In response to concerns voiced by students with disabilities, Barnard College has updated its physical education requirement to better accommodate these students and to reflect a level of support comparable to that offered at peer institutions.
All Barnard students must take one physical education course in order to graduate. However, students registered with the Office of Disability Services have often had difficulty being placed in courses that met their individual needs. 522 students are currently registered with ODS, up from 426 during the spring 2017 semester.
According to Executive Director for Equity Molree Williams-Lendor, the college has decreased the number of strength and endurance courses and is now offering more sections of courses like “mind/body” and “special” courses—including yoga, self-defense, and total body conditioning courses, which are more widely accessible.
The change comes as students with disabilities at Barnard have begun to push for increased visibility and support on campus from faculty, staff, and other students.
“There has been a group brought together that has been meeting on that issue with the goal of reviewing the process,” Williams-Lendor said. “[We’re] looking at the offerings and options for students to meet their PE requirements, and we’ve had some progress in that area.”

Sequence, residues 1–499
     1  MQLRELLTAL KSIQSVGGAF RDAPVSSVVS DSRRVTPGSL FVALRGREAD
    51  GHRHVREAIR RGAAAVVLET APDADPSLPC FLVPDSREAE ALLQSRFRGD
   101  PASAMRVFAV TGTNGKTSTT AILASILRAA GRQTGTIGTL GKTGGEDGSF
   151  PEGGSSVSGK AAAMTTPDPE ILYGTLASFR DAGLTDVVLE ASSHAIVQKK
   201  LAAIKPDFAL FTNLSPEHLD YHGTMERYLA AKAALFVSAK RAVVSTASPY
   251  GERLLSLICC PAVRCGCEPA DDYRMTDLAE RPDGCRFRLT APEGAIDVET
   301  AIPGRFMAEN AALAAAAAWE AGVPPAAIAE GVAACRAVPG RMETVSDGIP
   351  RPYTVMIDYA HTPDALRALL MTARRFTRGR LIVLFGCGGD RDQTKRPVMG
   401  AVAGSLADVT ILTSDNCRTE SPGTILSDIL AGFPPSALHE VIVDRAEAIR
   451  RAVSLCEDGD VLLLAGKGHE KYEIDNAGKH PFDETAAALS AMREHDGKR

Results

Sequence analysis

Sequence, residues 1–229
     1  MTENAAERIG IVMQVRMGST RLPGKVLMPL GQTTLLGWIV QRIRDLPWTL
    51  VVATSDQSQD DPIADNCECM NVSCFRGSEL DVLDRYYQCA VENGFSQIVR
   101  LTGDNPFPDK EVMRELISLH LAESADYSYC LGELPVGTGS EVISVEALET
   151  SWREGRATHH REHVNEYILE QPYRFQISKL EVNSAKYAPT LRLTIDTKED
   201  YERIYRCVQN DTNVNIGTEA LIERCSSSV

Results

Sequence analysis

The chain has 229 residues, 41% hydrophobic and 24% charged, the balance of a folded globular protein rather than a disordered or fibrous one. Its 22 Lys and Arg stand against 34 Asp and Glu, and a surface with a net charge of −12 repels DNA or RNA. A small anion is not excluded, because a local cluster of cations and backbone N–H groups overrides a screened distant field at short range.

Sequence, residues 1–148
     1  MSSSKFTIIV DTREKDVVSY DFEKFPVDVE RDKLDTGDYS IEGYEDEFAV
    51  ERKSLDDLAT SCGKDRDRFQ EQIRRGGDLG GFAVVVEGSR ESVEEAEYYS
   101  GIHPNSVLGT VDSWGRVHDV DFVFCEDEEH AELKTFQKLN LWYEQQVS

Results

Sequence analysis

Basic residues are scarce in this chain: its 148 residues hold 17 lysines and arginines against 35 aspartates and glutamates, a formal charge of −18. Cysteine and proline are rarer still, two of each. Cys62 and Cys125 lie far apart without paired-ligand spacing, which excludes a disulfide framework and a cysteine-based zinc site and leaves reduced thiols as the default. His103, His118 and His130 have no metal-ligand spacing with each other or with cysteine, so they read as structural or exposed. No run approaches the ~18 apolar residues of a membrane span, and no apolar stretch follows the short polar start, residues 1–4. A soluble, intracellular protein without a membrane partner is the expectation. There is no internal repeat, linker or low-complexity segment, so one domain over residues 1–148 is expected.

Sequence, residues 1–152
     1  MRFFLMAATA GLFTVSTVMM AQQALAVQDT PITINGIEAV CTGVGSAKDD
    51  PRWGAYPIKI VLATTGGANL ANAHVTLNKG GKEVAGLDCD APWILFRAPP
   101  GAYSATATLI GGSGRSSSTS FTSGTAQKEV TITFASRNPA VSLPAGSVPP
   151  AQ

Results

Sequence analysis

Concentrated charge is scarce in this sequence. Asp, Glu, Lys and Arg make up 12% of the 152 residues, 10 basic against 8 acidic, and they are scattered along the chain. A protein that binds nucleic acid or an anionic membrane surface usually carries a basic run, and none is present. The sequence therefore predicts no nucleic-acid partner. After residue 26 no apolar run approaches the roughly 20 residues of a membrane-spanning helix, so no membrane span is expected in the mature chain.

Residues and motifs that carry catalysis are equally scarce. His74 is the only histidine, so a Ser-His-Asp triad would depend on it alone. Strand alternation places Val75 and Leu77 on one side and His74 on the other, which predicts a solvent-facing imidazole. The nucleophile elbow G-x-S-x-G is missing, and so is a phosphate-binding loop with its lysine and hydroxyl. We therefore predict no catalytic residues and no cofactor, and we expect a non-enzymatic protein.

Najaad Dayib, BC ’19, who is registered with ODS for chronic pain issues, said that in the past she has had to rely on support from professors to receive accommodations in physical education classes, because there was no formal mechanism in place.
“I had to work it out with the professor and self-identify my health issues. In my case, the professor was the one making the accomodations,” she said. “I gathered a lot of information and brought it to the Title IX Coordinator [Williams-Lendor] and was like ‘Barnard is behind; Barnard is not accessible; the PE requirement is not accessible; there needs to be a change.’”
Williams-Lendor said that the college plans to make the process more “user-friendly” for students with disabilities.
“We’re finalizing those [options] now but we’re including additional class offerings to better meet students with different types of disabilities, so that there are more offerings as well as some tweaking of past offerings so that it’s more accessible,” Williams-Lendor said.
Kiyun Kim, BC ’18, said that she thinks that the updated policy will make satisfying the physical education requirement easier for students with disabilities.
“More accommodations [are] never a bad thing. They’re there so we can support more people without creating undue stress or in some cases doing actual harm to them,” she said.
Ultimately, Dayib said that she thinks the policy change will also make the rest of the Barnard community more aware of the challenges faced by students with disabilities.
“I think that people are aware now that there are aspects built into this institution that are inherently inaccessible,” she said. “Awareness … helps to create an environment on this campus where disabled students are taken seriously, legitimized, validated, and their existence is noticed.”